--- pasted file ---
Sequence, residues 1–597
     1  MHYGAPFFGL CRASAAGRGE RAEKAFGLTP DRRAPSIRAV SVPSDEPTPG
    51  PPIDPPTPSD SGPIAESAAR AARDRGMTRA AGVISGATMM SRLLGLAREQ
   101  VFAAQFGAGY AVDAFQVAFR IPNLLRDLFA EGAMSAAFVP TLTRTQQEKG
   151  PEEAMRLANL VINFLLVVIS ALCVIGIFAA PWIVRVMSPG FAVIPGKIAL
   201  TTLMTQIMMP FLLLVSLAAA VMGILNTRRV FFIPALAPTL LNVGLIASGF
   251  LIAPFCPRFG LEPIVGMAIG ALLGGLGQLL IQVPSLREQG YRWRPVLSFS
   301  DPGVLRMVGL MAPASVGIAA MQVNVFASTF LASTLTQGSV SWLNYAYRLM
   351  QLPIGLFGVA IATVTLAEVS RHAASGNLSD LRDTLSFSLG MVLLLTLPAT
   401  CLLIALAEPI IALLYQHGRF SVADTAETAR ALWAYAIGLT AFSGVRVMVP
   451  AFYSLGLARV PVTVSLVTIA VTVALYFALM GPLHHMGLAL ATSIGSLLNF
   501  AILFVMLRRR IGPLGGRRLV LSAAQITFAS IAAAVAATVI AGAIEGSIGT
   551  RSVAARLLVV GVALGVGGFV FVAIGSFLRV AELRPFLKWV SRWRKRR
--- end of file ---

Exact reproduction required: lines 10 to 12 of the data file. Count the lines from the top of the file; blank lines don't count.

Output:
   401  CLLIALAEPI IALLYQHGRF SVADTAETAR ALWAYAIGLT AFSGVRVMVP
   451  AFYSLGLARV PVTVSLVTIA VTVALYFALM GPLHHMGLAL ATSIGSLLNF
   501  AILFVMLRRR IGPLGGRRLV LSAAQITFAS IAAAVAATVI AGAIEGSIGT